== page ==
Treatment of Prolonged Seizures and Prevention of Status Epilepticus
With Buccal Lorazepam or Midazolam
Prolonged tonic-clonic seizures (convulsions) or clusters of shorter seizures left untreated can sometimes lead to status epilepticus. Status epilepticus is a prolonged seizure that continues for 30 minutes or longer. Prompt treatment within 3-5 minutes can stop a seizure from becoming prolonged or status epilepticus. Visits to an emergency room might be avoided if seizures are treated early.
Buccal lorazepam or midazolam offers a safe, effective and easy way to prevent a seizure from progressing.
Both lorazepam and midazolam are absorbed well in the cheek or under the tongue and are easy to use by caretakers.
Side effects of lorazepam and midazolam are not common but can include sleepiness for 1-2 hours, agitation or restlessness, shallow breathing.
Overdose can cause breathing to stop, so never give more than the recommended dose.
The dose below of lorazepam or midazolam, available as 2mg/ml oral syrup, has been prescribed by your doctor:
If a convulsive seizure continues 5 minutes after this medicine is given, call 911.
If a long seizure or clusters of seizures happen again the same day, lorazepam or midazolam can be repeated if needed one hour after the first dose was given.
Check expiration date on medicine bottle. Lorazepam expires 90 days after the bottle is opened and needs to be refrigerated. Midazolam can be stored at room temperature. There is no specific expiration date for midazolam syrup when opened. It is usually recommended that you replace the bottle at least once a year.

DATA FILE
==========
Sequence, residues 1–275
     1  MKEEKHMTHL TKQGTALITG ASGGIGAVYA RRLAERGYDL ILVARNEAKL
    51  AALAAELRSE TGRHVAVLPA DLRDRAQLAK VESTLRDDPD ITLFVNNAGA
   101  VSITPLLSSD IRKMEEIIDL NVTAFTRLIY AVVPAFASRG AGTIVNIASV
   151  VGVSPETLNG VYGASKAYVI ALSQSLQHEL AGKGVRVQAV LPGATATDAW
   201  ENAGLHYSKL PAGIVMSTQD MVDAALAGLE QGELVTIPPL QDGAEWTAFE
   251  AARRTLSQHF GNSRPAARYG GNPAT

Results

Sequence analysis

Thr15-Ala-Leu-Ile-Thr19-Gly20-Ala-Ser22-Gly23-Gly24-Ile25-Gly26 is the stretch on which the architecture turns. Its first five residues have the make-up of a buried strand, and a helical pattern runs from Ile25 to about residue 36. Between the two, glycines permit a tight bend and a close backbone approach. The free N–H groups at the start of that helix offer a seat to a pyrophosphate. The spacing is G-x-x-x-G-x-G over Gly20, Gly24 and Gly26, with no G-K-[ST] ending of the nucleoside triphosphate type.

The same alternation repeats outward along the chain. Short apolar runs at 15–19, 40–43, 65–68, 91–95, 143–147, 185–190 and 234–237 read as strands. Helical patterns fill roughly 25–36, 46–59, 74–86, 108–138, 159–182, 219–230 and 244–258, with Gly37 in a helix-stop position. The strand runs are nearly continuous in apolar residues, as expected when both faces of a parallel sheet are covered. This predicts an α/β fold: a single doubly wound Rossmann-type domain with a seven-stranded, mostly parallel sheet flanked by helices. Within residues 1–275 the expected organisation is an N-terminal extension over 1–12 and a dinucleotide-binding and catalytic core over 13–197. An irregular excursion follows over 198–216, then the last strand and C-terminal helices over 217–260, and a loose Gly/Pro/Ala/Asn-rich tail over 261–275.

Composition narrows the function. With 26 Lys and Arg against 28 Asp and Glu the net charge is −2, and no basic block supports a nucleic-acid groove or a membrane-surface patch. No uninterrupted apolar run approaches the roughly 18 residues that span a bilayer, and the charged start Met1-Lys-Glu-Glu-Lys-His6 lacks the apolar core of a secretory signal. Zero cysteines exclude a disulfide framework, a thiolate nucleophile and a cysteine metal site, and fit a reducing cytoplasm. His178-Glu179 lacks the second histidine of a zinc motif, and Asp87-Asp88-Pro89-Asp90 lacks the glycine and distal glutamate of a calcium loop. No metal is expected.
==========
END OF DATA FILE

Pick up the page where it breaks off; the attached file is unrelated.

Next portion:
Directions for giving lorazepam or midazolam are as follows:
Open the medicine bottle and insert a new sterile 1mL or 3mL syringe to draw up the correct amount of medicine. No needles are needed.
If the child or young person is in a chair and has no head support, support the head by standing behind him and holding his chin. Be careful not to press on the throat.
If the child or young person is lying on the floor or is in a chair with a head support in place, hold the chin to keep the head steady and turn the head to one side.
Open the mouth gently by holding the chin, apply downward pressure on the lower lip and wipe away any excess saliva. Do not try to part the teeth.
Place the syringe between the lower gum and the cheek on one side of the mouth. Slowly give half the amount of medicine into the mouth. Remove the syringe. Close the lips together and rub the cheek on the outside. Repeat this on the other side of the mouth to give the rest of the medicine.
Do not give the medicine too quickly, as this may cause the child to choke or swallow it. If a small amount is swallowed, it is not a problem.
Place the child on his side. Watch for ongoing seizure activity and watch for signs of breathing problems, for example, no air movement at the mouth or nose, gasping, blueness in the face. Call 911 if breathing stops and give “rescue” breaths if needed.
The information provided should not be used during any medical emergency or for the diagnosis or treatment of any medical condition. A licensed physician should be consulted for diagnosis and treatment of any and all medical conditions. Call 911 for all medical emergencies. Any duplication or distribution of the information contained herein is strictly prohibited.
Last Updated: 09/06/2013
Copyright © 09/06/2013 University of Wisconsin Hospitals and Clinics Authority. All rights reserved. Produced by the Department of Nursing. HF#7212
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